Carcinoid tumors can produce excessive amounts of biogenic amines, notably serotonin. We assessed psychiatric symptoms in carcinoid patients and peripheral metabolism of tryptophan, the precursor of serotonin.
Twenty consecutive patients with carcinoid syndrome underwent a structured psychiatric interview applying DSM-IV (Diagnostical Statistical Manual) criteria. Tumor activity was measured by determination of 24-hour urine excretion of 5-hydroxyindoleacetic acid (5-HIAA) and platelet serotonin levels. Plasma tryptophan levels were measured and compared with sex- and age-matched references.
Fifteen patients (75%) fulfilled diagnostic DSM-IV criteria for a disorder of impulse control. Tryptophan plasma levels were lower in patients compared with controls (p = .031) and were correlated negatively with urinary 5-HIAA excretion (p = .001).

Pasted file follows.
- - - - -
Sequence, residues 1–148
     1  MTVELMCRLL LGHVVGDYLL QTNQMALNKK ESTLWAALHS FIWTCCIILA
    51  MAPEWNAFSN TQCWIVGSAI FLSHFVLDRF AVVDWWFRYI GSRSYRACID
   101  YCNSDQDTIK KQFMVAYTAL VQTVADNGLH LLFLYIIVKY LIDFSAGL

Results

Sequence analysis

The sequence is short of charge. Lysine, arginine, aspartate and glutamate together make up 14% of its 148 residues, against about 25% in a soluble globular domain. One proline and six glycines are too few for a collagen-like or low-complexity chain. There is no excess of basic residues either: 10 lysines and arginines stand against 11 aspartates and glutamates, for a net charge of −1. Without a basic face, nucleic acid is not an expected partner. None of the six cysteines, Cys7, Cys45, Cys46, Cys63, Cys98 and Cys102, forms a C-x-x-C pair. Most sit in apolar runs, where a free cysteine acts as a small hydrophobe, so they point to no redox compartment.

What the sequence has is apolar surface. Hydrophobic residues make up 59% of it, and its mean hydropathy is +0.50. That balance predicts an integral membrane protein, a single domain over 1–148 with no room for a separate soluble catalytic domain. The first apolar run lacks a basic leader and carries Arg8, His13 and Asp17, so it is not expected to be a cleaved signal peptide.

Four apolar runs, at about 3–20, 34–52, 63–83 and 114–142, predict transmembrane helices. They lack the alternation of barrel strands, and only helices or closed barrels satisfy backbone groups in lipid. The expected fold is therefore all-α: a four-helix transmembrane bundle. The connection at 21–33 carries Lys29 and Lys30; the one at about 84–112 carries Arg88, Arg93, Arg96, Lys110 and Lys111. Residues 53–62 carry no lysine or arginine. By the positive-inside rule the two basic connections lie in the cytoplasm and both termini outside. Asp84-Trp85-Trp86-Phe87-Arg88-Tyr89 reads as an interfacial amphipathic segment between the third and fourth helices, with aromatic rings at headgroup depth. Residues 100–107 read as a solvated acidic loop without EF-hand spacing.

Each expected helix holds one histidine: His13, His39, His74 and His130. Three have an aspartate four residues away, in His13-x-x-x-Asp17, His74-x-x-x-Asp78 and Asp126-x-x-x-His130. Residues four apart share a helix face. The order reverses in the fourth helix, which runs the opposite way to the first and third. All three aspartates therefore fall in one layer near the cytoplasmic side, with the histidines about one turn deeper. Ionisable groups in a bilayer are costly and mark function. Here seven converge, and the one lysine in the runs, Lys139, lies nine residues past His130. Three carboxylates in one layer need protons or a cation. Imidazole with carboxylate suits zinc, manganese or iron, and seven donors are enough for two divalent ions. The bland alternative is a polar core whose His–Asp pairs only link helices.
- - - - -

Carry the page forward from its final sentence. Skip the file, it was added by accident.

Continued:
Impulse control disorders are prevalent in patients with carcinoid syndrome. The serotonin production by the tumor possibly decreases the tryptophan pool in the cerebrospinal fluid, which is the essential substrate for the production of brain serotonin as a pivotal neurotransmitter.
From the Departments of Biological Psychiatry (S.R., J.C.B., J.S.d.B., J.K.), Laboratory Medicine (I.P.K.), and Medical Oncology (P.H.B.W., E.G.E.d.V), University Hospital Groningen, the Netherlands.
Address correspondence and reprint requests to Elisabeth G.E. de Vries, MD, PhD, Department of Medical Oncology, Hanzeplein 1, P.O. Box 30.001, 9700 RB Groningen, The Netherlands. E-mail: firstname.lastname@example.org
Received for publication September 17, 2003; revision received January 12, 2004.